Piranhas Smell Blood And Go On Feeding Frenzy And It's Caught On Film

They keep coming and coming.

We know piranhas have a scary reputation, but seeing them up close is a whole other story. We're glad there was a computer screen between us and them. 


Nice chompers. Yikes.

To be fair, out of the few documented cases of humans being eaten by piranha schools, it did occasionally occur after the person had already died in the water, either by drowning or heart failure.

A piranha bite is most often a defensive act as a means to protect their school. And even then, according to recent data, the victim is usually bitten on the feet. (Did we say just?)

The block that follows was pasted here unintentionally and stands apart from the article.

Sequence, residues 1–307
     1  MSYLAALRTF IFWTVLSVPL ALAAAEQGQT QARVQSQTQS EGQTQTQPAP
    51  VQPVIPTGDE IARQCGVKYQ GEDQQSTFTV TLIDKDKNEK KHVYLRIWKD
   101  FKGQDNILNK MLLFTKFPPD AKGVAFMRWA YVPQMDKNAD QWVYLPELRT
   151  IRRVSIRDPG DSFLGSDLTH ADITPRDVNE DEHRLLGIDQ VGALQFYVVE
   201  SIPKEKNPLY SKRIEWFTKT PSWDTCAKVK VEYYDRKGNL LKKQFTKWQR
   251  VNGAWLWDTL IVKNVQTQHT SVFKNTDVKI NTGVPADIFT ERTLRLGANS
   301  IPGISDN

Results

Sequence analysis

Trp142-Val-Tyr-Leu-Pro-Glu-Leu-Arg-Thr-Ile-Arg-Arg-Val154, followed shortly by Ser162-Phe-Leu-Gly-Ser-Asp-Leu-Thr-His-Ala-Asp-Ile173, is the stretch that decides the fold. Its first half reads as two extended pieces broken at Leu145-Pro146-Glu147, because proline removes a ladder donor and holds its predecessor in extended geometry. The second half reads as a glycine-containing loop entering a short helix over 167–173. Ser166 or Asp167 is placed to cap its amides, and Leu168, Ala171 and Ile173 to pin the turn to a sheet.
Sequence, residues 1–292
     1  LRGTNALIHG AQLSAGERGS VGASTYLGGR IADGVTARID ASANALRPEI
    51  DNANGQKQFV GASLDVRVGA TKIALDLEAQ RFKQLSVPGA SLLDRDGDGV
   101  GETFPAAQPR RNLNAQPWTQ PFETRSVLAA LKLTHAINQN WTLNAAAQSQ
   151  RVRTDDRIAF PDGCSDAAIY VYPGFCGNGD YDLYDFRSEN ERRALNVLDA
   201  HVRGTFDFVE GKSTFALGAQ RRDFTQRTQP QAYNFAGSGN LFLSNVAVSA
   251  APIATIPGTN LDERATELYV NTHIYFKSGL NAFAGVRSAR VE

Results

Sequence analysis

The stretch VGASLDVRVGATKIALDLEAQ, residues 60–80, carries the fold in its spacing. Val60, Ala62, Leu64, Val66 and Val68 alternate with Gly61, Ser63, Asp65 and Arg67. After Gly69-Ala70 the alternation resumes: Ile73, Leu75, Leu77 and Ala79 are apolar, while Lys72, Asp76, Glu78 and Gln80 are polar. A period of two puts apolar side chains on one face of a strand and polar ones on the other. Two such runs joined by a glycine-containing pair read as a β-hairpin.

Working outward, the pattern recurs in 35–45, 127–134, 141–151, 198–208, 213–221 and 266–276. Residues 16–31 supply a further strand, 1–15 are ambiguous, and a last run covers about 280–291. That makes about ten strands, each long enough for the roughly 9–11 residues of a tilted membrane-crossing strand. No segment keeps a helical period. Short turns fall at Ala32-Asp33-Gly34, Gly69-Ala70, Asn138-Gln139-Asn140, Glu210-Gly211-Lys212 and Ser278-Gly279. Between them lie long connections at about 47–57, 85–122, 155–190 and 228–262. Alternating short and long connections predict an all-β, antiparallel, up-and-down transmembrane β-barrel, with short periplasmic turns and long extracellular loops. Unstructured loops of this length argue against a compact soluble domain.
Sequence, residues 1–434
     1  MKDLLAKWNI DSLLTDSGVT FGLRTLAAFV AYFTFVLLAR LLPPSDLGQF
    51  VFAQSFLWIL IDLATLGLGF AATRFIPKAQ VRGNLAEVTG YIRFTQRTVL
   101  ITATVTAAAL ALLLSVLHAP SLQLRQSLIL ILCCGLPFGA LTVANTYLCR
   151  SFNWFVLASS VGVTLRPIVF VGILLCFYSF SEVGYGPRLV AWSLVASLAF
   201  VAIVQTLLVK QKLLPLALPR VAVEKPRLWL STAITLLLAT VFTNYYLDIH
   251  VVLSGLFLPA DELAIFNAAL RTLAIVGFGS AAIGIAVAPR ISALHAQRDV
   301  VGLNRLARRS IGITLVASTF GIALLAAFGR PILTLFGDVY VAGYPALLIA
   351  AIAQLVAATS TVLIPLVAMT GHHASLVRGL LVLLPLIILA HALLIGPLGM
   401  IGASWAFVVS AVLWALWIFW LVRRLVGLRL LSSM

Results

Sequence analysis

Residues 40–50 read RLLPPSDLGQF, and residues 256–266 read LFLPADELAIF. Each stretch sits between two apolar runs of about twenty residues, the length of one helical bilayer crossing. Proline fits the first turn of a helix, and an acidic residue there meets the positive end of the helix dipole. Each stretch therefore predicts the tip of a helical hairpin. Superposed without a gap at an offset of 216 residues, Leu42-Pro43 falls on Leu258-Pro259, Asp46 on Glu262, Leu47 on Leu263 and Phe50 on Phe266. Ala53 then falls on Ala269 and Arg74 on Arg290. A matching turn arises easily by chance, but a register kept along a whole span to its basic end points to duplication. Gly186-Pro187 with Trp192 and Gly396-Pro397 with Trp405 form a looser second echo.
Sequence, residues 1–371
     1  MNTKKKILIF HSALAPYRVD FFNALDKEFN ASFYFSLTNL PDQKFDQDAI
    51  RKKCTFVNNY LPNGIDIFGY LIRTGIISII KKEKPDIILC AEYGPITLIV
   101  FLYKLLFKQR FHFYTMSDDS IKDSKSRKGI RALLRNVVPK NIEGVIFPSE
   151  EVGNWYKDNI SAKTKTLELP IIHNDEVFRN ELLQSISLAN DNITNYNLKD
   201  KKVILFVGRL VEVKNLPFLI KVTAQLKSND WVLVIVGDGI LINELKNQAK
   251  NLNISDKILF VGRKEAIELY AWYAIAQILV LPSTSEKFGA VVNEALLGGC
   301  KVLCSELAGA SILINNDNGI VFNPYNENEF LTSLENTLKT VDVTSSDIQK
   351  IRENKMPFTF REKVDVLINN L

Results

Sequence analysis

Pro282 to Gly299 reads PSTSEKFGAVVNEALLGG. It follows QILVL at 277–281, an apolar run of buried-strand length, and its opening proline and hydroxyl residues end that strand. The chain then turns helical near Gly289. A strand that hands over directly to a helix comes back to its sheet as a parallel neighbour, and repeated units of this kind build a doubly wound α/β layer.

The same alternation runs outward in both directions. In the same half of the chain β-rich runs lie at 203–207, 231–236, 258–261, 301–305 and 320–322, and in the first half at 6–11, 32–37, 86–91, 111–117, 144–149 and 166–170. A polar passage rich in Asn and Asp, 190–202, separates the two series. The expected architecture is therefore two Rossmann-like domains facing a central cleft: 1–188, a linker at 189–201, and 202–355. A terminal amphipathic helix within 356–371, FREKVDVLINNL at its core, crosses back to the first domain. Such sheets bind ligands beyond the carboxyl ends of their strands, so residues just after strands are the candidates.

So now that we know they're not "out to get us," as long as we don't bother them, we'll be fine right? Um, not so fast. 

One study indicated that bites were associated with high density of piranha in the dry season when the water level is lower, high density of swimmers, and disruptions in the water such as splashing or food spillage. 

So, you'd still want to be careful the next time you take a swim in the Amazon. 

According to Smithsonian Magazine, piranhas can pick up the scent of a single drop of blood in 200 liters of water.

Well, then, it's no surprise to see them go on a feeding frenzy when raw meat is thrown into a Brazilian river. 

They get wilder and wilder.

Poor, misunderstood piranha. Still, we wouldn't want to stick our toes in there. 


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